Date: 2022–04
  4. By: Fransham, Mark
    Abstract: A recent “return to the city” by middle-class professionals in England, with the increasing “suburbanisation” of poverty and an ongoing housing crisis, has increased the salience of concerns about neighbourhood gentrification via the involuntary displacement of established working class residents. This paper reports a systematic analysis of gentrification and income poverty in England that adopts innovative methodological approaches: a multivariate index of gentrification, propensity score matching to establish a comparison group, and sensitivity testing with respect to different “gentrification” definitions. The paper investigates three possible theoretical processes that could have driven the observed decline in income poverty rates in gentrifying areas: inward mobility to areas, outward mobility from areas, and in situ changes in poverty status. The post-recession period 2010–2014 is studied using data from the UK Household Longitudinal Study. There is good evidence from aggregate and individual-level analyses for a relationship between “inward” mobility, poverty status, and area gentrification. In addition, people moving to gentrifying areas were more likely to have a university degree and more likely to be in the professional occupational class than people who moved to nongentrifying comparison areas. On the other hand, no such relationships are found for “outward” mobility. The strongest evidence is found for “exclusionary displacement” (the restricted ability of low-income households to move in to an area) rather than “direct displacement” (increased outward mobility of existing residents) as the dominant driver of gentrification in this period.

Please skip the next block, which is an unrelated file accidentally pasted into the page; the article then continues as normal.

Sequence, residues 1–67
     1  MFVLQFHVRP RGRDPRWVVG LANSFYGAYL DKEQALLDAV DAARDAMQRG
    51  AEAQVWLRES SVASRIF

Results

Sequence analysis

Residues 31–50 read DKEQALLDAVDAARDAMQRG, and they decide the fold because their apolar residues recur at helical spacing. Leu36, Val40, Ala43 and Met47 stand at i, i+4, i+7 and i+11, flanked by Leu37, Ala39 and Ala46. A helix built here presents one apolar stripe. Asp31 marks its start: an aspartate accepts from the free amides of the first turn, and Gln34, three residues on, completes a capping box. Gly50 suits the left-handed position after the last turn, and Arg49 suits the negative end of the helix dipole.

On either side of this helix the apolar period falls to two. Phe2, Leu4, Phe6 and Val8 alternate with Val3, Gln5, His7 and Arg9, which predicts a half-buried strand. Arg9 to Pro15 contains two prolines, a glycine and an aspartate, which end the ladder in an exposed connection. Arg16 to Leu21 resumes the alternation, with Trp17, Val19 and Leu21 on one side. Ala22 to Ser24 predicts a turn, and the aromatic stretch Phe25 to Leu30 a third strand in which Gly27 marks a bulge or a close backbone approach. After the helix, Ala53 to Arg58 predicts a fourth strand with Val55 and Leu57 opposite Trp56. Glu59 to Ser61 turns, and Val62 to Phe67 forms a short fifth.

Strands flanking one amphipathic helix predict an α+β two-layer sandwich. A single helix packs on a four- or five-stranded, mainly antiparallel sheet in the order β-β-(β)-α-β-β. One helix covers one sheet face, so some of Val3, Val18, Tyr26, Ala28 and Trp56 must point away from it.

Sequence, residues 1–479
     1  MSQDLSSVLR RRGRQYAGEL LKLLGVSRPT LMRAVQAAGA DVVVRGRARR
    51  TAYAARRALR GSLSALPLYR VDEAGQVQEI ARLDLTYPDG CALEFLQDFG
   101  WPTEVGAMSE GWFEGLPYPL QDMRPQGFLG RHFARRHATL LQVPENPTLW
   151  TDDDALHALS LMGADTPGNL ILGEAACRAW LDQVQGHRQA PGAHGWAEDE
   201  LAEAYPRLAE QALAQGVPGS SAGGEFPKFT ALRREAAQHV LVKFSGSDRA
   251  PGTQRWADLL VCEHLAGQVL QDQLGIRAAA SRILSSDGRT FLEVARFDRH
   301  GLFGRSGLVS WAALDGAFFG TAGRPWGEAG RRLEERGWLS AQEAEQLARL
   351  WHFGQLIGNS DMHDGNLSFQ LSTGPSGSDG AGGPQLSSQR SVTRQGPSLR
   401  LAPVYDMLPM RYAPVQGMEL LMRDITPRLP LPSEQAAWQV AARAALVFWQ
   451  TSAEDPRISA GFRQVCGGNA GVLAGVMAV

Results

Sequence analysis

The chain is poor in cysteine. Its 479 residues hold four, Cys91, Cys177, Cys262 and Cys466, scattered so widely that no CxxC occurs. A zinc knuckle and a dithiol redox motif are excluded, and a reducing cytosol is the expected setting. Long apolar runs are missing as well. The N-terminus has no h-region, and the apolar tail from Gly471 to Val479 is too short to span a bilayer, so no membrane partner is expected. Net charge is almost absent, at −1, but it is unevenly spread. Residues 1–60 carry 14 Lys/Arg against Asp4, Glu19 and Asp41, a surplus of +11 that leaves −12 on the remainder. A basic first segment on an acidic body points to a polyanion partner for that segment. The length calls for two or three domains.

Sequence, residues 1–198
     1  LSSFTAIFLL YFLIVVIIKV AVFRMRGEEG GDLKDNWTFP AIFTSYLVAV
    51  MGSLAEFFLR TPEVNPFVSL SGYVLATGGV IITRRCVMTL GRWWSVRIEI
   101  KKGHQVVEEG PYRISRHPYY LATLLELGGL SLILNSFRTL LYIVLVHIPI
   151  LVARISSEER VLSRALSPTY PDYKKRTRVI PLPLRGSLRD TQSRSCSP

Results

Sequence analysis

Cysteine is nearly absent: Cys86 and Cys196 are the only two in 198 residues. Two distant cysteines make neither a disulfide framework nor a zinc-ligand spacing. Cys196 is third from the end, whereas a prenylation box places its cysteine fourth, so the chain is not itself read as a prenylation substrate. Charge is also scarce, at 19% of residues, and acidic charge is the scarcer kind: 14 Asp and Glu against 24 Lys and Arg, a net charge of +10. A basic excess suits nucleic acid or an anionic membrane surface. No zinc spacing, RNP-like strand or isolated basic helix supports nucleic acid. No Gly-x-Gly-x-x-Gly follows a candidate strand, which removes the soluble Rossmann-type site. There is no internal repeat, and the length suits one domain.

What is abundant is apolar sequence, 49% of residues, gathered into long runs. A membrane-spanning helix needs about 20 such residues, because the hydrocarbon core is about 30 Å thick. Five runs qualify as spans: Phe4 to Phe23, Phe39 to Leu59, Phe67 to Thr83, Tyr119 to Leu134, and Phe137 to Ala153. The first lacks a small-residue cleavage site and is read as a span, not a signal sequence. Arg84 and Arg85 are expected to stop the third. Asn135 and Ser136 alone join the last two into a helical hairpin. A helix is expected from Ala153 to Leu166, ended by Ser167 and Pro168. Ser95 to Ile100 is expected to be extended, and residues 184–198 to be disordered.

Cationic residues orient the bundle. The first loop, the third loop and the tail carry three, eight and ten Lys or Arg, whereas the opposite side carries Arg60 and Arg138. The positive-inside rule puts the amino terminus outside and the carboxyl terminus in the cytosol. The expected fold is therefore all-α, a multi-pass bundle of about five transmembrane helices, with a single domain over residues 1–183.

Keywords: gentrification; longitudinal analysis; migration; neighbourhood change; poverty dynamics; residential mobility; ES/J500112/1; EP/K503113/1; EP/L505031/1; EP/M50659X/1
    JEL: N0
    Date: 2020–07–01